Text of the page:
Describes a set of non-overlapping tasks. Starts = [S_1,...,S_n], is a list of variables or integers, Durations = [D_1,...,D_n] is a list of non-negative integers. Constrains Starts and Durations to denote a set of non-overlapping tasks, i.e.: S_i + D_i =< S_j or S_j + D_j =< S_i for all 1 =< i < j =< n. Example:
?- length(Vs, 3),
   Vs ins 0..3,
   serialized(Vs, [1,2,3]),
   label(Vs).
Vs = [0, 1, 3] ;
Vs = [2, 0, 3] ;
false.
See also
- Dorndorf et al. 2000, "Constraint Propagation Techniques for the Disjunctive Scheduling Problem"
 global_cardinality(+Vs, +Pairs)
Global Cardinality constraint. Equivalent to global_cardinality(Vs, Pairs, []). See global_cardinality/3.

Example:

?- Vs = [_,_,_], global_cardinality(Vs, [1-2,3-_]), label(Vs).
Vs = [1, 1, 3] ;
Vs = [1, 3, 1] ;
Vs = [3, 1, 1].
 global_cardinality(+Vs, +Pairs, +Options)
Global Cardinality constraint. Vs is a list of finite domain variables, Pairs is a list of Key-Num pairs, where Key is an integer and Num is a finite domain variable. The constraint holds iff each V in Vs is equal to some key, and for each Key-Num pair in Pairs, the number of occurrences of Key in Vs is Num. Options is a list of options. Supported options are:
consistency(value)
A weaker form of consistency is used.
cost(Cost, Matrix)
Matrix is a list of rows, one for each variable, in the order they occur in Vs. Each of these rows is a list of integers, one for each key, in the order these keys occur in Pairs. When variable v_i is assigned the value of key k_j, then the associated cost is Matrix_{ij}. Cost is the sum of all costs.
 circuit(+Vs)
True iff the list Vs of finite domain variables induces a Hamiltonian circuit. The k-th element of Vs denotes the successor of node k. Node indexing starts with 1. Examples:
?- length(Vs, _), circuit(Vs), label(Vs).
Vs = [] ;
Vs = [1] ;
Vs = [2, 1] ;
Vs = [2, 3, 1] ;
Vs = [3, 1, 2] ;
Vs = [2, 3, 4, 1] .
 cumulative(+Tasks)
Equivalent to cumulative(Tasks, [limit(1)]). See cumulative/2.
 cumulative(+Tasks, +Options)
Schedule with a limited resource. Tasks is a list of tasks, each of the form task(S_i, D_i, E_i, C_i, T_i). S_i denotes the start time, D_i the positive duration, E_i the end time, C_i the non-negative resource consumption, and T_i the task identifier. Each of these arguments must be a finite domain variable with bounded domain, or an integer. The constraint holds iff at each time slot during the start and end of each task, the total resource consumption of all tasks running at that time does not exceed the global resource limit. Options is a list of options. Currently, the only supported option is:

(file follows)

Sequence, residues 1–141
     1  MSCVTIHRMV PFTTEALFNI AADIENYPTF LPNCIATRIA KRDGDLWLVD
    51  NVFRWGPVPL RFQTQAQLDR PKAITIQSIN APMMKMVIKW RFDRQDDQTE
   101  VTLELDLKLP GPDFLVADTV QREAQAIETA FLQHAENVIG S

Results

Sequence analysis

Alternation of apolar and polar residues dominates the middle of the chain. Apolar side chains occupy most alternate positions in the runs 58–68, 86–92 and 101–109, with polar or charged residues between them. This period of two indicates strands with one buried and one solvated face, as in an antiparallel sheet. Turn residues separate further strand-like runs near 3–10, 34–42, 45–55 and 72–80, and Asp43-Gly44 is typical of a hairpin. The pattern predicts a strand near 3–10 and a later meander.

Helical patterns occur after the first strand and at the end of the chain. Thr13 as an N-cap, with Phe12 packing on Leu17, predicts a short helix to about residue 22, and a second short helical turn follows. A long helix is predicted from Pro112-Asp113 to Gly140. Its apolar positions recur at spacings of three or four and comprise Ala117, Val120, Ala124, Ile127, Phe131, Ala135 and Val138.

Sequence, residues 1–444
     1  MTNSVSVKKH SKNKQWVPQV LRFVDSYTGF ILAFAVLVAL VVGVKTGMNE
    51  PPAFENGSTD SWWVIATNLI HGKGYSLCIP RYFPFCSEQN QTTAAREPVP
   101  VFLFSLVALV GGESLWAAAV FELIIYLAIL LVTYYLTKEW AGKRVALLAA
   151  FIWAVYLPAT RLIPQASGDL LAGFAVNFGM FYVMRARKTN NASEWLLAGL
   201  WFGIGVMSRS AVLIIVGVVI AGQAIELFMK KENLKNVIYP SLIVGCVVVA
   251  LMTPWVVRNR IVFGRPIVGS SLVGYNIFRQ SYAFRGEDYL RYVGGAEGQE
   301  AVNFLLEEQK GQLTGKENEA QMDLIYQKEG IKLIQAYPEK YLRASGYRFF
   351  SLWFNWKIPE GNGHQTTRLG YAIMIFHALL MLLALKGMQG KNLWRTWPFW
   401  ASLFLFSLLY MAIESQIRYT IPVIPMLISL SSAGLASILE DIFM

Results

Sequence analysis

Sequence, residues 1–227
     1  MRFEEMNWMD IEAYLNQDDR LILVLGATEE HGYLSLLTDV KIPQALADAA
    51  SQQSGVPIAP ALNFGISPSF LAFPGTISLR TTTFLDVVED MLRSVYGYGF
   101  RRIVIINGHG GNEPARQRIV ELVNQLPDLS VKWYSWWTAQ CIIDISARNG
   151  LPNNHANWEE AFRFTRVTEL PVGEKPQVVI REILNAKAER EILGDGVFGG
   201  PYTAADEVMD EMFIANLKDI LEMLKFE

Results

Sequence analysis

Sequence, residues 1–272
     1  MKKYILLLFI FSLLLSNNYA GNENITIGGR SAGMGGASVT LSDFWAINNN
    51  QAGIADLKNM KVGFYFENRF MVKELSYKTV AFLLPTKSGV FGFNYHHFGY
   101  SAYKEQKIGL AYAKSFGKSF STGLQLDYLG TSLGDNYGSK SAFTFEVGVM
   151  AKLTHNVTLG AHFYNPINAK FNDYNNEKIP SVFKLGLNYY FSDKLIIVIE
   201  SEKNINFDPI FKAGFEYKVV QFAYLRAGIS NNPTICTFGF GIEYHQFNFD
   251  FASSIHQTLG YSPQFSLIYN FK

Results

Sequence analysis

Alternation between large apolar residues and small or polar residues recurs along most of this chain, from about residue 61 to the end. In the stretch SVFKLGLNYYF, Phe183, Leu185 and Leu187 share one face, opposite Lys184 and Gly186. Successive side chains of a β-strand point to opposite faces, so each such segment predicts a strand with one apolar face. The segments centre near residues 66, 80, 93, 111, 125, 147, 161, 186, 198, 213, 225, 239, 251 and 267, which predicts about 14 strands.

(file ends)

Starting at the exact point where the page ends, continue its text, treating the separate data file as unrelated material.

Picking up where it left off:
limit(L)
The integer L is the global resource limit. Default is 1.

For example, given the following predicate that relates three tasks of durations 2 and 3 to a list containing their starting times:

tasks_starts(Tasks, [S1,S2,S3]) :-
        Tasks = [task(S1,3,_,1,_),
                 task(S2,2,_,1,_),
                 task(S3,2,_,1,_)].

We can use cumulative/2 as follows, and obtain a schedule:

?- tasks_starts(Tasks, Starts), Starts ins 0..10,
   cumulative(Tasks, [limit(2)]), label(Starts).
Tasks = [task(0, 3, 3, 1, _G36), task(0, 2, 2, 1, _G45), ...],
Starts = [0, 0, 2] .
 disjoint2(+Rectangles)
True iff Rectangles are not overlapping. Rectangles is a list of terms of the form F(X_i, W_i, Y_i, H_i), where F is any functor, and the arguments are finite domain variables or integers that denote, respectively, the X coordinate, width, Y coordinate and height of each rectangle.
 element(?N, +Vs, ?V)
The N-th element of the list of finite domain variables Vs is V. Analogous to nth1/3.
 automaton(+Vs, +Nodes, +Arcs)
Describes a list of finite domain variables with a finite automaton. Equivalent to automaton(Vs, _, Vs, Nodes, Arcs, [], [], _), a common use case of automaton/8. In the following example, a list of binary finite domain variables is constrained to contain at least two consecutive ones:
two_consecutive_ones(Vs) :-
        automaton(Vs, [source(a),sink(c)],
                  [arc(a,0,a), arc(a,1,b),
                   arc(b,0,a), arc(b,1,c),
                   arc(c,0,c), arc(c,1,c)]).

Example query:

?- length(Vs, 3), two_consecutive_ones(Vs), label(Vs).
Vs = [0, 1, 1] ;
Vs = [1, 1, 0] ;
Vs = [1, 1, 1].
 automaton(+Sequence, ?Template, +Signature, +Nodes, +Arcs, +Counters, +Initials, ?Finals)
Describes a list of finite domain variables with a finite automaton. True iff the finite automaton induced by Nodes and Arcs (extended with Counters) accepts Signature. Sequence is a list of terms, all of the same shape. Additional constraints must link Sequence to Signature, if necessary. Nodes is a list of source(Node) and sink(Node) terms. Arcs is a list of arc(Node,Integer,Node) and arc(Node,Integer,Node,Exprs) terms that denote the automaton's transitions. Each node is represented by an arbitrary term. Transitions that are not mentioned go to an implicit failure node. Exprs is a list of arithmetic expressions, of the same length as Counters. In each expression, variables occurring in Counters symbolically refer to previous counter values, and variables occurring in Template refer to the current element of Sequence. When a transition containing arithmetic expressions is taken, each counter is updated according to the result of the corresponding expression. When a transition without arithmetic expressions is taken, all counters remain unchanged. Counters is a list of variables. Initials is a list of finite domain variables or integers denoting, in the same order, the initial value of each counter. These values are related to Finals according to the arithmetic expressions of the taken transitions.